Survey Results Reveal Global Importance of Beidagang Wetland


Beidagang Wetland, located 150km southeast of Beijing in Tianjin Municipality, covers 34,887 hectares. (Photo: Beijing Normal University)

 

By Terry Townshend

Nearly half a million birds have been logged at Beidagang Wetland, just 150km southeast of Beijing in Tianjin Municipality, revealing that this part of China’s coast is one of the most important sites for migratory water birds along the East Asia-Australasian Flyway. Surveys sponsored by Paulson Institute and Heren Foundation have shown that 467,686 birds from 99 species, including many classified as vulnerable or endangered on the IUCN’s Red List, rely on Beidagang Wetland for staging, breeding and wintering habitats. These results underscore the importance of work to protect China’s coastal wetlands.

Eighteen field surveys were conducted in the Beidagang Wetland starting from July 2017 as part of an initiative by Paulson Institute and the Heren Charitable Foundation to strengthen conservation efforts by introducing international best practice and to support management and capacity building for Beidagang Wetland Nature Reserve Management Center. The surveys were carried out by academics and volunteers from Beijing Normal University, Tianjin Normal University, Beidagang Wetland Management Center, and the Wetland Volunteers Association of Binhai New District.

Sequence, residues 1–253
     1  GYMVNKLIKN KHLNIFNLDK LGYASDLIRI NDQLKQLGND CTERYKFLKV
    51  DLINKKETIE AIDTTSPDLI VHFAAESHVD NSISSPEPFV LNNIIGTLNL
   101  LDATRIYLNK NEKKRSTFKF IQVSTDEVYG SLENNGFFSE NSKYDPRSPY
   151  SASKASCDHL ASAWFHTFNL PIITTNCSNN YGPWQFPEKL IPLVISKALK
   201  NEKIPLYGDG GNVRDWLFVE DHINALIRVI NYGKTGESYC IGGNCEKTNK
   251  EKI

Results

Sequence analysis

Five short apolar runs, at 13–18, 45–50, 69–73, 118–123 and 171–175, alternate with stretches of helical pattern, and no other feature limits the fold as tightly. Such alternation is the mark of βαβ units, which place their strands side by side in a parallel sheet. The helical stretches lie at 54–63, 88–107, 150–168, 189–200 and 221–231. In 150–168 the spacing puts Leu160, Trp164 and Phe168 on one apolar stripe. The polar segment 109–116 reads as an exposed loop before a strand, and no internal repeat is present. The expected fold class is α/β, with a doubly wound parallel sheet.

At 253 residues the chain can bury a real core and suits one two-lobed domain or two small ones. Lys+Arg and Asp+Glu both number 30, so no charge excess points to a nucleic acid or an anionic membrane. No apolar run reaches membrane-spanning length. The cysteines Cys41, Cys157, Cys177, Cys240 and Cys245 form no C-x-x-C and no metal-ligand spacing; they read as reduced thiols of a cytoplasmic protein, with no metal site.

More than 10,000 Relict Gulls (Larus relictus) can be seen in winter on the coastal wetlands of Tianjin. (Photo: Terry Townshend)

 

A key part of the project was to develop a monitoring program in order to understand the diversity, population sizes, and dynamics of important water bird species in Beidagang Wetland and its surrounding coastal wetlands.

Selected highlights from the surveys included:

  • The largest ever single count of the vulnerable Relict Gull (Larus relictus), a record 12,767, representing almost the entire global population.
  • The number of endangered Oriental White Stork (Ciconia boyciana) at Beidagang was 1,347, representing 45% of the total estimated global population. Breeding was first recorded at Beidagang in 2014 and, in 2018, three pairs successfully reared young.
  • A single count of 293 White-naped Crane was recorded at Beidagang in 2018, representing around 20% of the global population.

The surveys also discovered species never before recorded in the area, including the White-headed Duck (Oxyura leucocephala) on 23 October 2018, the Streaked Shearwater (Calonectris leucomelas) on 5 November 2018, the Red-throated Loon (Gavia stellata) on 10 November 2018, and two Snow Geese on 11 November 2018.

The White-naped Crane (Grus vipio) is one of the endangered species that benefits from Beidagang Wetland. (Photo: Terry Townshend)

 

Importantly, the research has delivered more than a snapshot of the water birds that use Beidagang Wetland. Next steps will be for the survey team to develop comprehensive guidance on monitoring water birds and other wetland resources that staff at Beidagang Wetland Management Center can use as a foundation for continued, long-term monitoring of this important site. Long-term monitoring is essential to better understand the populations and trends of migratory water birds along the East Asian-Australasian Flyway in order to provide an early warning about species that may be in trouble and to support more informed land management and development policies.

Terry Townshend is the founder of Birding Beijing and an advisor to Paulson Institute’s Conservation program.

Topics: Coastal Wetlands, Conservation